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Movies: Choosing Wisely and Raising Kids Who Will Too
When Maddy wanted to see The Proposal, I pointed her to the review at PluggedInOnline - a source I respect - which mentioned the director wanting to channel the charm from classic black and white comedies. But though there are some Cary Grant/Katherine Hepburn moments, the reviewer warns:
In this misguided attempt to update the time-tested screwball comedy formula, Fletcher and her team have taken their contrived but potentially charming premise and tarted it up with layers of "contemporary" comedy rouge. That means bare bodies. A bizarre Mother Earth ritual. A wince-inducing bachelorette party striptease.
The latter scene was so embarrassingly repugnant that it was one of the few times in my PG-13 movie-going experience I've found myself hoping someone would leap up and yell, "Fire!" or maybe, "I've gone blind!" just for an excuse to clear the theater. I feared my retinas might be permanently scarred.
Since Maddy adores old movies, I'm sure the comparison to Cary Grant and Katherine Hepburn movies resonated with her. She might have thought, why see the cheap (and corrupt) imitation, when you can rummage through our old VHS collection or turn on TCM (her favorite channel) and see the real thing?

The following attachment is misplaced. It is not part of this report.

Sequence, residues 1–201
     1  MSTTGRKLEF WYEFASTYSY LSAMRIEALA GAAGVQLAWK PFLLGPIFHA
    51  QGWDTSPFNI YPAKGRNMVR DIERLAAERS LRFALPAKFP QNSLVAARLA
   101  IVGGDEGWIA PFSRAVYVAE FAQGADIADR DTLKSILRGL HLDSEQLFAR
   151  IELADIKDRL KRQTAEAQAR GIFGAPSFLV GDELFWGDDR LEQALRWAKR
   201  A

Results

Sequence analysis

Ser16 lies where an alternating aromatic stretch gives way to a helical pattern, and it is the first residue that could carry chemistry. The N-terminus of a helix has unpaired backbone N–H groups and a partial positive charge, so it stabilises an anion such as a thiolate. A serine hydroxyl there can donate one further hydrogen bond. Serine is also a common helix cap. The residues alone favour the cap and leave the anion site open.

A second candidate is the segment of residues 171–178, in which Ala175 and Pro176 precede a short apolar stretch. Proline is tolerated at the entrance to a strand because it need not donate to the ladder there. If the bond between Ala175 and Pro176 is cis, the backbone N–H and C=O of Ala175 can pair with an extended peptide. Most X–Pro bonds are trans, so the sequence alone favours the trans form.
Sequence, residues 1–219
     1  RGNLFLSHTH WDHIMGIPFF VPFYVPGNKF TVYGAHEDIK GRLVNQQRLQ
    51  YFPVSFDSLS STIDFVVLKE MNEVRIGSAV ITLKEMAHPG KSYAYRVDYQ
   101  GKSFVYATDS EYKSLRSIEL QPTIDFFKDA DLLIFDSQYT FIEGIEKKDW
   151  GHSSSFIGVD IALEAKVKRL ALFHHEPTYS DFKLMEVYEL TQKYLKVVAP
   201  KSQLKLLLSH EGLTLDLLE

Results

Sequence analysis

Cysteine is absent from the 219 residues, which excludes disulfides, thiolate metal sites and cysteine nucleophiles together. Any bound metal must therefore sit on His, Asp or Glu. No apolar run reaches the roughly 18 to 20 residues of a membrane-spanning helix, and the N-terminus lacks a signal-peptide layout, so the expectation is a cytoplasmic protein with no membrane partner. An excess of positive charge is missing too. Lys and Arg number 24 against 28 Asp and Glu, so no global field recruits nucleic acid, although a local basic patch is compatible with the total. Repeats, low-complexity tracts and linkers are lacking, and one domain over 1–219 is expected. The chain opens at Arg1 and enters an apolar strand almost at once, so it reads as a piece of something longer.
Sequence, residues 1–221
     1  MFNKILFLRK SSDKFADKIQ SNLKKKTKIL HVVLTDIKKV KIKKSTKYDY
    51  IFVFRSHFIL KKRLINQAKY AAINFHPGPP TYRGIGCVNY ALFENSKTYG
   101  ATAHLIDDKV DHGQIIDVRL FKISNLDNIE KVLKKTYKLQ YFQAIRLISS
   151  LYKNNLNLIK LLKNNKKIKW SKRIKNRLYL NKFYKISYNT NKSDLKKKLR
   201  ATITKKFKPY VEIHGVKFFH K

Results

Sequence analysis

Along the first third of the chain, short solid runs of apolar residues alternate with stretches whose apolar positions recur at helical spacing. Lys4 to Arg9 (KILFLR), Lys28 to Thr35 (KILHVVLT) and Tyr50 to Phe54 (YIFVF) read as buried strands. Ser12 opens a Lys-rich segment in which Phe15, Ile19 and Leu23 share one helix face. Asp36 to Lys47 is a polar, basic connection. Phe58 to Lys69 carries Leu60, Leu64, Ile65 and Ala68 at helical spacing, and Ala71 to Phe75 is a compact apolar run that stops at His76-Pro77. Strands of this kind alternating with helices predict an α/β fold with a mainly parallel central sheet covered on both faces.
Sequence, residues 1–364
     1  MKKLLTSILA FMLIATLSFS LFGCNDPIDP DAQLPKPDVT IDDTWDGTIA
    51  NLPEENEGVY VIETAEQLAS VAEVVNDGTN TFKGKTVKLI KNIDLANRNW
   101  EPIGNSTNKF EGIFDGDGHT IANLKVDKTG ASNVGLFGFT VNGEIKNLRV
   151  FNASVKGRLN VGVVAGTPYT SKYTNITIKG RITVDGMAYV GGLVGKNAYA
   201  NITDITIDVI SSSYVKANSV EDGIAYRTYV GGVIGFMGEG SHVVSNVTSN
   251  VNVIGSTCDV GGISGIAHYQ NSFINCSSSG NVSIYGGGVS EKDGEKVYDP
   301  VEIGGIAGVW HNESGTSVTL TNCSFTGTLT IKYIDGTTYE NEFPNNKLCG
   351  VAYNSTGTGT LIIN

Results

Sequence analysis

Or it may have been the thought of being subjected to watching a male stripper do his thing. All I can say is, I thank God for the Internet - and thank God for Unplugged for being so hip and relevant and real. Because Maddy decided this wasn't something she needed to see.
One way to prepare your child for this kind of decision-making is to fill them with good entertainment. If you have a TV, use it very wisely - watching it with them when you can.
If you are not that familiar with old black and white movies, I promise you will enjoy exploring them with your children. You can find them for free at the TCM channel or your local library. Many are available for little more than a rental fee. And you can join Netflix - which seems to have every movie ever made - for as little as $8. a month.
The thing is that Hollywood keeps grinding out this stuff which is often entertaining, but usually embedded with insulting or obnoxious material. When we let some things go, we become like the fish in the proverbial pot: as the temperature increases gradually, he allows himself to be boiled to death. Likewise, as parents as we let "small" innuendoes go, we become desensitized and soon our kids are being exposed to stuff we might never have dreamed of when we began raising them.
On the other hand, if we fill our children up with the good stuff - timeless movie classics and those which do not challenge our family values - they will grow into teens who will be able to discern for themselves what's worth seeing and what isn't.
Sometimes it's hard to be different than the crowd. But that's probably when it's most important.
Barbara Curtis is author of 9 books, including Mommy, Teach Me! and Mommy, Teach Me to Read! She is also mother of 12, including several pursuing careers in music and theater.
Find this article at: http://www.crosswalk.com/parenting/11609205/